A Marine mother who lost her son in Iraq says she's scored a victory on Capitol Hill. The U.S. House passed a bill that would make it illegal to use the names and pictures of fallen servicemen to make money without a family's permission, but she says her fight isn't over yet. A national website is selling shirts with the names of fallen servicemen, saying they died in vain. The News On 6â€™s Joshua Brakhage reports a Cherokee County mother says it's the worst way to be reminded of her son's sacrifice.
"I was outraged," said Judy Vincent. "They shouldn't be reduced to a piece of merchandise."
Judy Vincent says especially not a $22 T-shirt, promoting an anti-war message.
"I don't think my son was anti-war,â€ said the fallen Marineâ€™s father Royce Vincent. â€œHe joined the Marines. They didn't draft him. He joined. He would probably be real upset about it, to catch someone like that."
Royce and Judy Vincent have been fighting for two years to get their son's name removed from the shirt. Corporal Scott Vincent was killed in Fallujah in April of 2004.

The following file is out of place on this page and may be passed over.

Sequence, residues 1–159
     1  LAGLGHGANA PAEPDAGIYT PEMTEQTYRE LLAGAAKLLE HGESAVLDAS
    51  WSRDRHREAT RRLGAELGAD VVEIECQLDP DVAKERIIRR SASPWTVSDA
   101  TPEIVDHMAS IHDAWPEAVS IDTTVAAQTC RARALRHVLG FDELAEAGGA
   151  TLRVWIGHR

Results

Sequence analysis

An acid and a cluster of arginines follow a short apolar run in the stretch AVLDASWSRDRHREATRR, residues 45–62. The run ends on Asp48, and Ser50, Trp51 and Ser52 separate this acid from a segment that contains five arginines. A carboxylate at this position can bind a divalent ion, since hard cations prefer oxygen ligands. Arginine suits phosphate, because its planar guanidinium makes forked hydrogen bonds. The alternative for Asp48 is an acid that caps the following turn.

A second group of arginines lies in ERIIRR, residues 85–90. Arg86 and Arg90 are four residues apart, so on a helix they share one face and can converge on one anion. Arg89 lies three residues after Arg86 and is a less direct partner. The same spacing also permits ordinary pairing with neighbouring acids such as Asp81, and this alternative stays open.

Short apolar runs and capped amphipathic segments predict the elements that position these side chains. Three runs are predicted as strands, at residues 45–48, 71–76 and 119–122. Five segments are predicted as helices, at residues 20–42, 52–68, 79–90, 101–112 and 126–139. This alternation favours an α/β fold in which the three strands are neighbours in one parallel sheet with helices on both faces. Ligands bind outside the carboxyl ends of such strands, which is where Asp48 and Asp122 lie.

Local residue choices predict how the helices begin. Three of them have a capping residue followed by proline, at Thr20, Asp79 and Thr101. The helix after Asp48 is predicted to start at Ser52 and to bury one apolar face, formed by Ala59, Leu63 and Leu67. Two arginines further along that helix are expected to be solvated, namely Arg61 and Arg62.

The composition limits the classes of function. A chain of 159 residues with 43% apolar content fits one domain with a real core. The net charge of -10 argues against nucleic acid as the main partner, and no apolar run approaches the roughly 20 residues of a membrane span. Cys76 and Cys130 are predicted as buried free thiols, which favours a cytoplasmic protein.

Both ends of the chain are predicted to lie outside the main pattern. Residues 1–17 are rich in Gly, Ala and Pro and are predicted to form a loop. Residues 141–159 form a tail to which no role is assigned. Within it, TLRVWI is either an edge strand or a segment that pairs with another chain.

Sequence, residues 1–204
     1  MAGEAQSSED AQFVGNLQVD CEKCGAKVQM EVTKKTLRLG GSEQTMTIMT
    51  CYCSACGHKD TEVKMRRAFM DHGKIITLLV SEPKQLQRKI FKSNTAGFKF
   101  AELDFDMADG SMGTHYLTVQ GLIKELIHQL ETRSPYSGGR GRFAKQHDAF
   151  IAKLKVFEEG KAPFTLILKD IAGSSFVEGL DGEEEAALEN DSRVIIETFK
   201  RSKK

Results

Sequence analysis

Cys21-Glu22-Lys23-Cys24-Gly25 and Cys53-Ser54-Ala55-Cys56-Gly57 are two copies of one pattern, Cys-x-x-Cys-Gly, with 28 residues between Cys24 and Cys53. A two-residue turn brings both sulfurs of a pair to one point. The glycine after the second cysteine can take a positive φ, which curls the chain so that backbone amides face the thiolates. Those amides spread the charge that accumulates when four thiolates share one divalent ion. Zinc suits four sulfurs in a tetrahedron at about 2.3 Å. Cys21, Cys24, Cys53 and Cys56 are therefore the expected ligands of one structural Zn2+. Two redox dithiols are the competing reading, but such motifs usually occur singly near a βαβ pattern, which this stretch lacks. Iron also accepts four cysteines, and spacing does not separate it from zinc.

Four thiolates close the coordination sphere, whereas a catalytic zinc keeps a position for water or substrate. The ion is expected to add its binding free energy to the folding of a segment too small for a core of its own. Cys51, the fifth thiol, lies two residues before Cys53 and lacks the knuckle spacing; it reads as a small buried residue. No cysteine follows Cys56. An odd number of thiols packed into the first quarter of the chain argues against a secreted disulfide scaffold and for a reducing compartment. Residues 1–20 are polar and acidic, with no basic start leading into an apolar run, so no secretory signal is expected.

After his death he was awarded the Medal of Valor, but the Vincentâ€™s say there's no honor in being listed on the shirt.
"It's wrong. You know, he can use his opinions as he wants. You know, I don't care what he says. But don't put my child's name on your opinion and sell it," said Judy Vincent.
Judy Vincent was able to convince the state legislature. Online, the website brags that the shirt is illegal in Oklahoma. But the Vincentâ€™s say they want to save other families the same heartache.
Oklahoma representative Dan Boren is leading a push in Washington to pass federal legislation, banning the use of fallen servicemen's names and photos without family permission. It's passed the House, but Judy Vincent says her fight won't be over until the president signs the bill into law.
"If it takes fighting this until I'm dead and buried, that's what I'm gonna do," said Judy Vincent.
The shirt's creator says it shouldn't be banned anywhere, that his message is protected by the First Amendment. Oklahoma isn't the only state with laws like this one in place. Louisiana has similar rules, and Arizona, where the shirt's creator lives, is considering doing the same.
He says he donates part of the proceeds to charities supporting military families, but the Vincentâ€™s say no amount could equal the price their son paid.